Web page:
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Interview w/ D. M. Almond

September 7, 2014

 

Hey all you Acadians, here is a recent interview from my Blog Tour I wanted to share with everyone!

In general do you like to talk about your writing and published books or are you very close-lipped about it? I greatly enjoy discussing my stories once they are complete. It is always interesting to hear a person’s take on central themes or different characters from your work.

What book/s are you currently writing and what is it about? I am working through rewrites on Land of the Giants. This is the second chapter in the Chronicles of Acadia, the sequel to Secrets of the Elders. In Book I our lead characters found themselves confronted with a truth they were not prepared to deal with. With Book II they will not only have to accept this new reality, but will also find themselves knee deep in a boiling quagmire of the damn stuff.

Why this particular genre? You mean besides having the gnome, Bipp, nagging me all hours of the night to tell his story? Well, truth be told, I like to write in several different genres. Though right now, this is the story begging for attention when I’m trying to get about ordinary business. There is always something fun about losing yourself in a fantasy world where anything can and usually does happen.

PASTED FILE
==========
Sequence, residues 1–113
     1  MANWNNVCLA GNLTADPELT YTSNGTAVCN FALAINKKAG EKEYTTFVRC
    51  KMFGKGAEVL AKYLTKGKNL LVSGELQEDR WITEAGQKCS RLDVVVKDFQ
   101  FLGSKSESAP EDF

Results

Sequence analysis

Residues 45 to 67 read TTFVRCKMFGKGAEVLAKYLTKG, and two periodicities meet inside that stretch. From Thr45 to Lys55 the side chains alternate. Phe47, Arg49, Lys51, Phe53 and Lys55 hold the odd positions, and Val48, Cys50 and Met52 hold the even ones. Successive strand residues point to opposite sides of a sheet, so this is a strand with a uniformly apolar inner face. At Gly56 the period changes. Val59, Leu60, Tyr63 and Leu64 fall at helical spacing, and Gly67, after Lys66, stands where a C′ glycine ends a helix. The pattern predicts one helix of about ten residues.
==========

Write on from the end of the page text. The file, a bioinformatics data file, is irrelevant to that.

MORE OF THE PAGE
What inspires or motivates you to write? You find inspiration in the oddest places. Recently I’ve been a big fan of long drives through the countryside. That seems to be when broken scenes in the story work out in my mind. The only problem is that you actually need to focus on some rather demanding details when driving, like cars and other people…oh, and trees, yes you should never forget the importance of avoiding head on collisions with trees when driving. As far as motivation, well let’s just say that there is a foul one-eyed ogre who makes sure I get my word count in every day…

What is the writing process like for you?  The best way I can describe it is like writing a book. No, I’m just kidding, your expression is priceless right now though. That was worth it. The writing process is kind of like diving off the deep end of a shallow pool and hoping for someone to fill it with water before you land. In other words, completely and utterly fascinating.

What aspect of the craft do you think is most difficult to learn? I found the chainsaw juggling aspect the trickiest to master. I mean you just get the sword bit down pat, and that’s not easy with a blindfold on I’ll tell you, but then they want to throw a gas guzzling arm severing chainsaw into the mix? Well, to that I say, “No thank you Madame! You can take that back and give me an electric model please. It’s only hybrids and above for this green minded fella.” Yeah…that’s the trickiest part.

What has been the most encouraging comment someone has made about your writing? The other day someone commented that a little snippet I wrote was “simply beautiful.” I thought that was quite nice. It made me smile all day.